Journal of physical chemistry a vol:114 issue:17 pages:5573-5579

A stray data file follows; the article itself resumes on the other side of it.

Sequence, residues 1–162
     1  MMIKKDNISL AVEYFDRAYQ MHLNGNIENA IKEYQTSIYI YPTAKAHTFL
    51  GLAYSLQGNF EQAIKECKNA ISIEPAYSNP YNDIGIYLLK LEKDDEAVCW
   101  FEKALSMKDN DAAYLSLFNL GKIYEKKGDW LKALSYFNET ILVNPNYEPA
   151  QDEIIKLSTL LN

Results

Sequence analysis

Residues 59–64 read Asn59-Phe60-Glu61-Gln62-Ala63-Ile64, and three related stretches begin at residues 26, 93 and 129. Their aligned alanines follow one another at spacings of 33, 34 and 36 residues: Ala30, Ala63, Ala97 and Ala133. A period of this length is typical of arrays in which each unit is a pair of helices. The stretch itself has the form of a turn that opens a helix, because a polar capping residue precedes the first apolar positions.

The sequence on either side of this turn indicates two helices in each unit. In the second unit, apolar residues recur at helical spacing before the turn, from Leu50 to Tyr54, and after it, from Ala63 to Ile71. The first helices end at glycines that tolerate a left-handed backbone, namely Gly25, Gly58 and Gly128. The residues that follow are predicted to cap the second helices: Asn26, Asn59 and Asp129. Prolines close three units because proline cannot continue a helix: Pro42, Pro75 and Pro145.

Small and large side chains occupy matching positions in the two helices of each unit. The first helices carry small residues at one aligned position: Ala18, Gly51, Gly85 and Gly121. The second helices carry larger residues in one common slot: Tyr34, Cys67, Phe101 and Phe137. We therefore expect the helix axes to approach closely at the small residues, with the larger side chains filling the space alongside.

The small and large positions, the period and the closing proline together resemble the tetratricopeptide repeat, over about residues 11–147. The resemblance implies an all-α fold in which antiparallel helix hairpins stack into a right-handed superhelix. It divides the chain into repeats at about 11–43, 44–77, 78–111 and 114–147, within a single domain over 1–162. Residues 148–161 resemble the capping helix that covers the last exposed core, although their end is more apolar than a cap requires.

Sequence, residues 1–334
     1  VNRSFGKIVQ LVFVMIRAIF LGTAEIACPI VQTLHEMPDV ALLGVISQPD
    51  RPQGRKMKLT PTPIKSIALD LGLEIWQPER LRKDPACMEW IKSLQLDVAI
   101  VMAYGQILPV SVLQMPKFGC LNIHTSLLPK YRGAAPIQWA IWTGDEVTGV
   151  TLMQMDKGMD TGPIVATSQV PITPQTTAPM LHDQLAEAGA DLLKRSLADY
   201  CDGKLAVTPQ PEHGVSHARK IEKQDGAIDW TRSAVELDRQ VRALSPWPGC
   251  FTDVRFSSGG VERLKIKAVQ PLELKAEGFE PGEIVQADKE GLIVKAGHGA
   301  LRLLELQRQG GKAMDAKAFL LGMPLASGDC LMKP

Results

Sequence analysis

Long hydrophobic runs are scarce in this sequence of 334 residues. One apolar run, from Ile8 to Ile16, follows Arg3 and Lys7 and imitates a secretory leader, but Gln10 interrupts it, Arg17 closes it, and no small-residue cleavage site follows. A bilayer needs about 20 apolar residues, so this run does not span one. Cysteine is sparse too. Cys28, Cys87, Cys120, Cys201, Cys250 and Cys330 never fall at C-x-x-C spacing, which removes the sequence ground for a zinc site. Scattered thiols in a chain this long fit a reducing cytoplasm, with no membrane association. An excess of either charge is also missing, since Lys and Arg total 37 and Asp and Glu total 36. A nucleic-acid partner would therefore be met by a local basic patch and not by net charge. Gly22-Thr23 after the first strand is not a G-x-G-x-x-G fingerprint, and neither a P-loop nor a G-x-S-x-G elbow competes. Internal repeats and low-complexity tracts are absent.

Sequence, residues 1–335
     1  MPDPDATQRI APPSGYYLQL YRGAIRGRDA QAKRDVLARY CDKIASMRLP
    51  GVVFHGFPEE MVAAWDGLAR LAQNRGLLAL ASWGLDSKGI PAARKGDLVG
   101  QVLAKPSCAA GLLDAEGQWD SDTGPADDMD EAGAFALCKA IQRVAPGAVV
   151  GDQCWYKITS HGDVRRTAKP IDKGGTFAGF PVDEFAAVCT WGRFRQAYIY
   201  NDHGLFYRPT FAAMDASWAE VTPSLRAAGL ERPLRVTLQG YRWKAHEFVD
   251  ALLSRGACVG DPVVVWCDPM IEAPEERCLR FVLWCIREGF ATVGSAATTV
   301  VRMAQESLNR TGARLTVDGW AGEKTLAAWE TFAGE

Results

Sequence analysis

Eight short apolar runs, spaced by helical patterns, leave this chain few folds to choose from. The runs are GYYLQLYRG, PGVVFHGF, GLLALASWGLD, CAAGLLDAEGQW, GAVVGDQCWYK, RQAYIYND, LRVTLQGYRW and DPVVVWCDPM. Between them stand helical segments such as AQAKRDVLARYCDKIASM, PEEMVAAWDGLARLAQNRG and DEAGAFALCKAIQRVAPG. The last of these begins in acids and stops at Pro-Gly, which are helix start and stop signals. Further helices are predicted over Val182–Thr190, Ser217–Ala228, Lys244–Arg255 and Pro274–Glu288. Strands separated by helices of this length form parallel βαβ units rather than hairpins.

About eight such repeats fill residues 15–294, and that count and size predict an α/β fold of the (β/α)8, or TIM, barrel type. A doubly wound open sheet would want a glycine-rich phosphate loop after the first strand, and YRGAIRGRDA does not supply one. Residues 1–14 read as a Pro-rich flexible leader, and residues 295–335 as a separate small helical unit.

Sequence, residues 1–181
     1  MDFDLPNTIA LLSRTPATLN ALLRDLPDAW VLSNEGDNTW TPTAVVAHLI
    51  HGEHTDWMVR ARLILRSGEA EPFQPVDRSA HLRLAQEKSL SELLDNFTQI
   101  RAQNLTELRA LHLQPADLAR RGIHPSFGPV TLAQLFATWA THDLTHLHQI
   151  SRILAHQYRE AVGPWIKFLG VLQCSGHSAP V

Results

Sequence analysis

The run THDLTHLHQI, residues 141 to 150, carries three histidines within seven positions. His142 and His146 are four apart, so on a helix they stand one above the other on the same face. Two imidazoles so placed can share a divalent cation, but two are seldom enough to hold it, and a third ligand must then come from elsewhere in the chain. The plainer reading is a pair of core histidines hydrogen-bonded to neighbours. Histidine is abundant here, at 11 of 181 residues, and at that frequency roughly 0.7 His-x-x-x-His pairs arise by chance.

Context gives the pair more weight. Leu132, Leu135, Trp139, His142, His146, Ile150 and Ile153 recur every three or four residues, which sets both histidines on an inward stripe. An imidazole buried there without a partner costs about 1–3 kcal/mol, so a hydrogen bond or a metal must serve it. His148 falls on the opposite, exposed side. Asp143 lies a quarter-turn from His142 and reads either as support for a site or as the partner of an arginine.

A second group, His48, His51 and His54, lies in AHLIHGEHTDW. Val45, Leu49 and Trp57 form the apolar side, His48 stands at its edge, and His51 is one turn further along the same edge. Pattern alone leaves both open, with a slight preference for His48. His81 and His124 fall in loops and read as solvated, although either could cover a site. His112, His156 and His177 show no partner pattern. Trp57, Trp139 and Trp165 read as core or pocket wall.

Different uni- and bimolecular reactions of hydroxymethylene, an important intermediate in the photochemistry of formaldehyde, as well as its halogenated derivatives (XCOH, X = H, F, Cl, Br), have been considered using high-level CCSD(T)/CBS quantum chemical methods. The Wentzel-Kramers-Brillouin (WKB) and Eckart approximations were applied to estimate the tunneling rate constant of isomerization of trans-HCOH to H2CO, and the WKB procedure was found to perform better in this case. In agreement with recent calculations and experimental observations [Schreiner et al., Nature 2008, 453, 906], the half-life of HCOH at the low temperature limit in the absence of bimolecular processes was found to be very long (similar to 2.1 h). The corresponding half-life at room temperature was also noticeable (similar to 35 min). Bimolecular reactions of trans-hydroxymethylene with parent formaldehyde yield primarily more thermodynamically favorable glycolaldehyde via the specific mechanism involving 5-center transition state. The most preferable reaction of cis-hydroxymethylene with formaldehyde yields carbon monoxide and methanol. Due to very low activation barriers, both processes occur with nearly a collision rate. If the concentration of HCOH (and its halogenated analogues XCOH as well) is high enough, the bimolecular reactions of this species with itself become important, and H2CO (or X(H)CO) is then formed with a collision rate. The singlet-triplet energy separation of trans-HCOH is confirmed to be similar to-25 kcal/mol.